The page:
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Pathogens Thrive on Ripe Fruit, Dublin Conference Learns

Escherichia coil and Salmonella enterica thrive on ripe fruit, according to research presented at the Society for General Microbiology’s Spring Conference held last week in Dublin.

The work by researchers at the Imperial College London is expected to have a positive impact on food safety, improving both health and economic benefits.

Melons, jalapeno and serrano peppers, basil, lettuce, horseradish sprouts and tomatoes are examples of produce that have been linked in recent years to  E coli and Salmonella outbreaks.

The study looked at how these bacterial pathogens latch onto fruits and vegetables. Researchers discovered that strains of Salmonella behave differently when attached to ripe and unripe tomatoes.

“Bacteria (salmonella strains) that attach to ripe tomatoes produce an extensive network of filaments, which is not seen when they attach to the surfaced of an unripe tomato,” Professor Gad Frankel, who heads Imperial’s research team, told the conference. “This could effect how they are maintained on the surface.”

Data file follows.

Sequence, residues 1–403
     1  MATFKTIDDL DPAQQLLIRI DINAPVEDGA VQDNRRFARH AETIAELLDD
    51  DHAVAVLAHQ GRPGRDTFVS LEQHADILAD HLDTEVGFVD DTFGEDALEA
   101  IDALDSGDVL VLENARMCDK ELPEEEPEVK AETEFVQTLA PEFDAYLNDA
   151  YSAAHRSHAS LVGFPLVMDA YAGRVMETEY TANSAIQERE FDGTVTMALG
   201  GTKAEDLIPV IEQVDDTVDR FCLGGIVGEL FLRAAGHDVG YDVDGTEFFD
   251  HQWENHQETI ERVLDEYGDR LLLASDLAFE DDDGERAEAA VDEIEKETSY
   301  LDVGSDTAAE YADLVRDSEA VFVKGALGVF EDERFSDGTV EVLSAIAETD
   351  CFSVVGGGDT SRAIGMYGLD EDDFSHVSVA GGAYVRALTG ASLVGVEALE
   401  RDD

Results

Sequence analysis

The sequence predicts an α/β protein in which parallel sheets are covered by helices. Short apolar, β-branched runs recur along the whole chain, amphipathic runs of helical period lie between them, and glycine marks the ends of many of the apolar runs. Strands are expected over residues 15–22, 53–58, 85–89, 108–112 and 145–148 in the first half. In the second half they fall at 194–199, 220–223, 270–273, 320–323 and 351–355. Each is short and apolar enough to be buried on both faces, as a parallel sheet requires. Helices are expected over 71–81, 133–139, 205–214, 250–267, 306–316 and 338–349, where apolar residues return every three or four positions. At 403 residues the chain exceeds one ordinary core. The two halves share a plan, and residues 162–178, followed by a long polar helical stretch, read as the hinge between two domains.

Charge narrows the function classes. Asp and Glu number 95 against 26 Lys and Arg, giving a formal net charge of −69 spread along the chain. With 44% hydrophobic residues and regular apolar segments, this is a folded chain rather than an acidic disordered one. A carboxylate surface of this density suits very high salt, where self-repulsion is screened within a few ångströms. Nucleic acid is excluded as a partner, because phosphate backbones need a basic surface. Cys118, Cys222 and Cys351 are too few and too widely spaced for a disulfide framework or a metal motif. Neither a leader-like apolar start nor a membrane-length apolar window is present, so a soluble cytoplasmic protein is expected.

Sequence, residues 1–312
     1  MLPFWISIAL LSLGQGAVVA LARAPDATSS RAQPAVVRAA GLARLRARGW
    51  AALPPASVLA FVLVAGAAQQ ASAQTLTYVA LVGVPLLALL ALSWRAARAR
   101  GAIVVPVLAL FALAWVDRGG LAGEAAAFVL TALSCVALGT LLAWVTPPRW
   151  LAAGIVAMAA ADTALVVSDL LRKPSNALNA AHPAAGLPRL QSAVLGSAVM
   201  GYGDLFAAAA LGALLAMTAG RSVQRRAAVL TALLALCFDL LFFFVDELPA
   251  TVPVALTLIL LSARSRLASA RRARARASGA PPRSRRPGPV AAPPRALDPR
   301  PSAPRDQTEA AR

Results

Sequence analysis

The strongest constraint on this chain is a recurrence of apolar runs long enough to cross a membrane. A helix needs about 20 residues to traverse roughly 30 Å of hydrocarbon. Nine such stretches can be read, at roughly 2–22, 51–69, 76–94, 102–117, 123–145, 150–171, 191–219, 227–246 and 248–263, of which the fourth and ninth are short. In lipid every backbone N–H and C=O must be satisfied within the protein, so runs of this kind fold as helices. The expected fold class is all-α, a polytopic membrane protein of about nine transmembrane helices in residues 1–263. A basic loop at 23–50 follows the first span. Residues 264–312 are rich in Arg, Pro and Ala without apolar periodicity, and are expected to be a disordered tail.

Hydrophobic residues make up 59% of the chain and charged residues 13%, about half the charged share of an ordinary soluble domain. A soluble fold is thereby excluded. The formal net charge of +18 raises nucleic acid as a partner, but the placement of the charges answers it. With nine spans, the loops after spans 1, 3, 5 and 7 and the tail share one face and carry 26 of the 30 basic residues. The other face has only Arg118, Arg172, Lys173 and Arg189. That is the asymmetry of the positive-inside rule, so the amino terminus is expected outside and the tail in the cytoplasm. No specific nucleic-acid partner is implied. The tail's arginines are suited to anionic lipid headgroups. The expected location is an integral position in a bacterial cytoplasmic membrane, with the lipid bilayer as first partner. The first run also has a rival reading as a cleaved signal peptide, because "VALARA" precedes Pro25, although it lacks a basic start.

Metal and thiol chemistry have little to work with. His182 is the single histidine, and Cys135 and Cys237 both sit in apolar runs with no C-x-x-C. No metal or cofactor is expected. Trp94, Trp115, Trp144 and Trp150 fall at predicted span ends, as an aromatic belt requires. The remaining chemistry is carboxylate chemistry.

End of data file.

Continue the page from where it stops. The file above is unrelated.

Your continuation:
The research team is not sure why bacteria produce filaments on ripe but not unripe fruit. The phenomenon might be due to the surface properties of the tomato or the expression of ripening hormones, Frankel explained. 

The project’s findings are just one example of the subtle interplay between food poisoning microbes and the fresh produce they contaminate and how that determines the way pathogens become established in the food chain, said Frankel.

“Apart from Salmonella, strains of E. coli are also particularly devious in the way they react with plant surfaces, Frankel added.  ”They have hair-like appendages and flagella they can use as hooks to successfully secure themselves onto things like salad leaves.”

The researcher said that “by and large” fresh fruits and vegetables are still safe to eat and provide numerous health benefit.  It just should be recognized that they can transmit harmful bacteria and understanding that can improve food safety.

“Translating research into new policies or methods for decontamination is the challenge for future studies,” said Frankel. 

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